Outsourcing cleanroom garments has many tangible and intangible benefits for pharmaceutical companies, says industry veteran Shyam Khante. 

With the global market for medicines projected to rise to USD 1.9 trillion by 2027, the pharmaceutical industry’s future is looking bright. 

However, amidst optimism, several challenges threaten to increase expenses and further complicate manufacturing. Increasing R&D and manufacturing costs, rising demand for personalized medicine, and stricter regulations are prompting pharmaceutical companies to streamline operations and find savings. 

One way to tackle the challenges is to outsource non-essential parts of the production process. The shift has been long in the making, says Shyam Khante, President of Shyam Khante & Associates, speaking at Lindström’s Global Pharma Tribe meeting in Helsinki in October. When he started his career in pharma four decades ago, the concept of outsourcing was outlandish, and stringent policies were placed to safeguard confidentiality, even in-house. 

“We were virtually told that research is a holy cow. So forget anything that could be outsourced. The guys in the research had a separate timeslot for lunch so that people didn’t talk to each other and couldn’t outsource their gossip, too,” Khante reminisces with a chuckle.

Now, everything is outsourced because there are many mundane things that are not part of the highly confidential process.

Shyam Khante, President of Shyam Khante & Associates.

The benefits of outsourcing cleanroom garment management 

As pharmaceutical companies seek outsourcing options, eyes turn to the cleanroom and the garments personnel wear in the critical areas. In the wake of the new EU GMP Annex I and its stringent demands for garment management and quality assurance, in-house cleanroom garment management is becoming increasingly challenging. The initial investments for garment management are high, the daily process requires a lot of resources, training, and expertise, and the failure to comply with industry standards and legislation can lead to catastrophic results.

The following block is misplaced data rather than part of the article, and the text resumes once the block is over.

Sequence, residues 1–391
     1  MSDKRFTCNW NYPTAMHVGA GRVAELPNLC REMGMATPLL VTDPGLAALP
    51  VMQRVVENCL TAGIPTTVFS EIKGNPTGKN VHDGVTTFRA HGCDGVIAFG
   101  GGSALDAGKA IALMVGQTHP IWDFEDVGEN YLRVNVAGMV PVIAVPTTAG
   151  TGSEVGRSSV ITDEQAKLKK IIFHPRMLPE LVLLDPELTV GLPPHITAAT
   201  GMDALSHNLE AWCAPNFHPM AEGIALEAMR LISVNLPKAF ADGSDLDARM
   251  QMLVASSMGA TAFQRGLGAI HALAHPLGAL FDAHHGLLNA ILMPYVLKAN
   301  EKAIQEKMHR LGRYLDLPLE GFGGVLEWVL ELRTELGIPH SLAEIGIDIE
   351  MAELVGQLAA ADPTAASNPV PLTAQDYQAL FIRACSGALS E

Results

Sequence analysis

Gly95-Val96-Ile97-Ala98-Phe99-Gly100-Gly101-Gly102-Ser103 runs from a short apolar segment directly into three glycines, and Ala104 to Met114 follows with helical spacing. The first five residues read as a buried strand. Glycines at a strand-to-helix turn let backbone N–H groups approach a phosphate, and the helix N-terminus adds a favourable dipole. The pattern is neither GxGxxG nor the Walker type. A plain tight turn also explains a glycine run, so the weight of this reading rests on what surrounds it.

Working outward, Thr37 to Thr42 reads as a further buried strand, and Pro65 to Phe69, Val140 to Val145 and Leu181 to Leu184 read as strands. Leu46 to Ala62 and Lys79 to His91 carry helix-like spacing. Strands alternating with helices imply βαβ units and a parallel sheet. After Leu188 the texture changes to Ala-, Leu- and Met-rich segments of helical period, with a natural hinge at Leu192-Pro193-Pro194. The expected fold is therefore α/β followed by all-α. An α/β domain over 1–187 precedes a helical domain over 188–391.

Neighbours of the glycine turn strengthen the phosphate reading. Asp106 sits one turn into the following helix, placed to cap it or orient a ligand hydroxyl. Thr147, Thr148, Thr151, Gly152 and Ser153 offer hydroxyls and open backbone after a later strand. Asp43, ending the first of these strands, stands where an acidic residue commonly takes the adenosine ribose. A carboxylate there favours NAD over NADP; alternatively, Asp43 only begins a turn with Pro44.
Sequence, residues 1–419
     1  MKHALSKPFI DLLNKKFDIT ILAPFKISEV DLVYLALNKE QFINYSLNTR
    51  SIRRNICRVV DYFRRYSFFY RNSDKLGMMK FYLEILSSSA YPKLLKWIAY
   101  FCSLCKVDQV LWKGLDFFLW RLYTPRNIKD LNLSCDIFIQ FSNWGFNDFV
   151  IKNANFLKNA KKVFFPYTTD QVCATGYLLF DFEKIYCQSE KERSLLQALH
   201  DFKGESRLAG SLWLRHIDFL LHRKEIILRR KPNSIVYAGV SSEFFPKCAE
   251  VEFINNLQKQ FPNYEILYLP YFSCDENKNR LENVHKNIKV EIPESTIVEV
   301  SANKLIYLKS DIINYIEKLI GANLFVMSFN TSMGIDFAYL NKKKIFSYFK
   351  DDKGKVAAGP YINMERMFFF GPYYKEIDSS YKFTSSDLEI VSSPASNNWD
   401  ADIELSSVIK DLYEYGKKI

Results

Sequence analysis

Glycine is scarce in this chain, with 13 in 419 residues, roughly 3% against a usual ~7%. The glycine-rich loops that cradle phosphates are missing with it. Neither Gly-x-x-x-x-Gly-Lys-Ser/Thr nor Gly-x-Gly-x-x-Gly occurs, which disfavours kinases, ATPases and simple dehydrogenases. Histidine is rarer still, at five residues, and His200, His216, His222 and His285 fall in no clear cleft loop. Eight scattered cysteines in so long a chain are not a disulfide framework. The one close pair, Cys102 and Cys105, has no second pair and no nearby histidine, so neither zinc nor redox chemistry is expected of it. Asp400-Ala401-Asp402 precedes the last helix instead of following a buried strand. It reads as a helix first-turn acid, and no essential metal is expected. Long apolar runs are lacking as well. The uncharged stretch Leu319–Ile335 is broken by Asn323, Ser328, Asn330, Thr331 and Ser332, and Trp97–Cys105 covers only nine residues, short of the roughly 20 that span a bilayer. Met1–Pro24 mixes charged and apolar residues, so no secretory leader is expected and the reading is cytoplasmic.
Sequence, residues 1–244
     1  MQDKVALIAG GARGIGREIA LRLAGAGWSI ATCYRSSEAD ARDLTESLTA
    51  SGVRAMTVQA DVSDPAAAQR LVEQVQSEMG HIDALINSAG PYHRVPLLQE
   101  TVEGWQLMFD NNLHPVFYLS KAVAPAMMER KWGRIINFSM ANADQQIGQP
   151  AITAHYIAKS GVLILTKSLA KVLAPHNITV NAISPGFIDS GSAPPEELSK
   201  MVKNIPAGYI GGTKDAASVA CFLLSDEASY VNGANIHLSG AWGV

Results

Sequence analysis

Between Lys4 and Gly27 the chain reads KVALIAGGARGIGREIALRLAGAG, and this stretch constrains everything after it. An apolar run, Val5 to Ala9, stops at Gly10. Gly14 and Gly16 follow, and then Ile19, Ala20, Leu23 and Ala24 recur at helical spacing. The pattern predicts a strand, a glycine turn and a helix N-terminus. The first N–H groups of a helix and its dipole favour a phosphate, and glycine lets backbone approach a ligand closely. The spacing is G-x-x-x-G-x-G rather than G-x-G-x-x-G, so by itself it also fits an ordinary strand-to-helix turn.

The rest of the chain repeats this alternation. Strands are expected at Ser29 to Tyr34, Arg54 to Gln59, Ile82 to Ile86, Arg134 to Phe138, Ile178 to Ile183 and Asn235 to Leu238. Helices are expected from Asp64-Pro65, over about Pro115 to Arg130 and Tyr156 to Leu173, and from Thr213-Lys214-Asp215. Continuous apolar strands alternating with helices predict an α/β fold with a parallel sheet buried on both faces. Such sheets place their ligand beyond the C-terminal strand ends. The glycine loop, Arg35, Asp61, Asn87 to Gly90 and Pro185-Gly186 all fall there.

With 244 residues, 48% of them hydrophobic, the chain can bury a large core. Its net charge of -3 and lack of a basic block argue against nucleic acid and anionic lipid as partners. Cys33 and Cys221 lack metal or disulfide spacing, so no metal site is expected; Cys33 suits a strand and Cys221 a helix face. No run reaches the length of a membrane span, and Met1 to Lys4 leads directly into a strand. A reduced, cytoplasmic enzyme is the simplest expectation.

To address these challenges, an increasing number of pharmaceutical companies opt to outsource their cleanroom garment process to specialized service providers. There are many benefits to this, Khante explains. Outsourcing cleanroom garment management can offer cost savings, complement the company’s expertise, and assure compliance while the organization can focus on its core business, manufacturing pharmaceuticals. 

“One of the most important benefits in outsourcing is the intangible cost and the regulatory hassle of keeping the operation inside the organization,” he says. 

Outsourcing can guard the manufacturer against many risks related to cleanroom garment management, such as cross-contamination, chemical exposure, or inconsistent cleaning quality. Partnering up can also unlock the benefits of utilizing digital technology in streamlining operations and enabling better traceability and documentation.  

One of the key perks of outsourcing is the saved time and resources what would otherwise be spent in meeting validation obligations of the advanced regulatory agencies. 

“Just imagine the amount of expensive managerial time the industry spends on some of the more mundane documentation”, Khante says.

“Outsourcing is not a luxury; it’s essential. Let’s not waste our bandwidth and time in doing something where others are the experts.”


Meeting high expectations 

The pharmaceutical industry is ever-evolving. Khante argues that, regardless of how many problems are resolved, the number of worries stays the same. As soon as one issue is addressed, another one emerges. Currently, environmental concerns, such as water contamination and eco-friendly garments, are high on pharma’s agenda. 

“There are many regulations already in practice in Europe, and I don’t think the time is far away that they will come to developing economies. The industry can be caught sleeping, and this is another area where we as partners can show our importance.” 

The pharmaceutical industry also has a laundry list of demands for their service providers. As the industry moves towards more specialized production, the requirements for suppliers and partners will become more complex and specific, Khante says. 

Some of the industry’s visions, such as smart garments or nanotechnology-enhanced self-sanitizing fabrics, may sound like science fiction, but Khante assures these are just around the corner. 

“This sounds very futuristic, but it’s what the industry is now thinking. We need to be ready for these industry expectations.”

Shyam Khante, President of Shyam Khante & Associates

Shyam Khante has more than 40 years of experience in pharmaceutical manufacturing and technology, management & quality systems. He is the President of Shyam Khante & Associates and his contributions to the Indian pharmaceutical industry has been recognized by the IDMA, IPA and EDQM. 

To learn more about contamination control in the pharmaceutical industry, download the below eGuide’

Contamination control in pharmaceutical industry - lindstromgroup

Download eGuide!

Related articles